I would be a terrible marital counselor myself -- I would save marriages only by virtue of the fact that they agreed their counselor was a critical fathead and have something new in common - but I recall an important part from my training. The use of the words "always" and "never" are giveaways that a person is responding emotively rather than logically. "She always undermines me in front of our friends." "He never supports me with the children's discipline." There is no always and never. (If you ever go to a marriage couselor, you can stay one-up on your spouse by remembering not to use unqualified statements like that).
One occasionally sees comments on conservative blogs that Clinton (or Carter) was a completely terrible president. Worst ever. No redeeming qualities. Please note I said "occasionally." More frequently, amidst the scathing criticisms, one will find grudging praise or acknowledgement. I thought Clinton did well on NAFTA and GATT, and showed some real backbone, and I don't mind saying it. For all the mistakes in Bosnia and Kosovo, Clinton had more success in that impossible situation than most others in the last 7 centuries. Welfare Reform, though it happened under pressure, did happen on his watch. Great. He was on balance rather a cipher, neither advancing nor destroying foreign policy or the economy. With the former USSR, benign neglect was an okay thing. With Islamic terrorists, it was a bad thing.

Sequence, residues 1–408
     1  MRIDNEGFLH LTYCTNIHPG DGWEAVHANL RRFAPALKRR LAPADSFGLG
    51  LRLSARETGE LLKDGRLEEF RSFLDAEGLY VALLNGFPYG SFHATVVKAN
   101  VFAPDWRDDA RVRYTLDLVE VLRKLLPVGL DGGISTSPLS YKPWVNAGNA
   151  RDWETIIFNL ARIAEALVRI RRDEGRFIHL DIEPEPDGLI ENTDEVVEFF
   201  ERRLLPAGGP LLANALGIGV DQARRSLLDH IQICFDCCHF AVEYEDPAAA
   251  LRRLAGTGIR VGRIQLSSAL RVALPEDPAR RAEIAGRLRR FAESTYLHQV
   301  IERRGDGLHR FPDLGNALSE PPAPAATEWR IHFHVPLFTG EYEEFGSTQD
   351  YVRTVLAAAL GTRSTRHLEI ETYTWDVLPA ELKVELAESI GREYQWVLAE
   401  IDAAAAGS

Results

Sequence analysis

It is this general balance on the sites I am in agreement with that causes me to shake my head in disbelief visiting lefty sites -- even supposedly moderate or reasonable liberal sites. People will claim with a straight face that George Bush is the worst president ever, that the war in Iraq had zero justification and has been an unmitigated disaster, that civil rights have been set back decades, etc. It defies common sense.
You could pick any president at random in history, list up the negatives and ignore the positives, and declare him to be the worst president ever, if you wanted to simply make statements that looked like an argument, rather than actually examining the evidence. Why would that be a valuable exercise?
The extreme statements, the always and never statements, are the tipoff that the writer is not worth reading another sentence of, unless your goal is to teach instead of to learn.